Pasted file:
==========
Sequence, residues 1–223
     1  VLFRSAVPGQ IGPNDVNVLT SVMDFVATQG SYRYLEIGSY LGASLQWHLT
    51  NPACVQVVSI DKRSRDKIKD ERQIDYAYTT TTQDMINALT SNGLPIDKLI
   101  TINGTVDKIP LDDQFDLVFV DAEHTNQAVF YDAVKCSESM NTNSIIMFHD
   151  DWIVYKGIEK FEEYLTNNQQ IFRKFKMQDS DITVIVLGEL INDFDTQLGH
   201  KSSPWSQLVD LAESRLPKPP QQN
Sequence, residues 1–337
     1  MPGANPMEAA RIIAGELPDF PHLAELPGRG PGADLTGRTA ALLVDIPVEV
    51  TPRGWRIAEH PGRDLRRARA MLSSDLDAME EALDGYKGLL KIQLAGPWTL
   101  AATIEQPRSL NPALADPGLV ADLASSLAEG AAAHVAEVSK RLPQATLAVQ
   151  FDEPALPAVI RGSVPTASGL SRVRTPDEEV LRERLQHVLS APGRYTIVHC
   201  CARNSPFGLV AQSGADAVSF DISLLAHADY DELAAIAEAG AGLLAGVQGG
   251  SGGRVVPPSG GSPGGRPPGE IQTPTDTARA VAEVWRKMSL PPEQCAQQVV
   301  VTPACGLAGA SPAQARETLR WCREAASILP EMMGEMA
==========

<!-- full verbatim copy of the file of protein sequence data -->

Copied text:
Sequence, residues 1–223
     1  VLFRSAVPGQ IGPNDVNVLT SVMDFVATQG SYRYLEIGSY LGASLQWHLT
    51  NPACVQVVSI DKRSRDKIKD ERQIDYAYTT TTQDMINALT SNGLPIDKLI
   101  TINGTVDKIP LDDQFDLVFV DAEHTNQAVF YDAVKCSESM NTNSIIMFHD
   151  DWIVYKGIEK FEEYLTNNQQ IFRKFKMQDS DITVIVLGEL INDFDTQLGH
   201  KSSPWSQLVD LAESRLPKPP QQN
Sequence, residues 1–337
     1  MPGANPMEAA RIIAGELPDF PHLAELPGRG PGADLTGRTA ALLVDIPVEV
    51  TPRGWRIAEH PGRDLRRARA MLSSDLDAME EALDGYKGLL KIQLAGPWTL
   101  AATIEQPRSL NPALADPGLV ADLASSLAEG AAAHVAEVSK RLPQATLAVQ
   151  FDEPALPAVI RGSVPTASGL SRVRTPDEEV LRERLQHVLS APGRYTIVHC
   201  CARNSPFGLV AQSGADAVSF DISLLAHADY DELAAIAEAG AGLLAGVQGG
   251  SGGRVVPPSG GSPGGRPPGE IQTPTDTARA VAEVWRKMSL PPEQCAQQVV
   301  VTPACGLAGA SPAQARETLR WCREAASILP EMMGEMA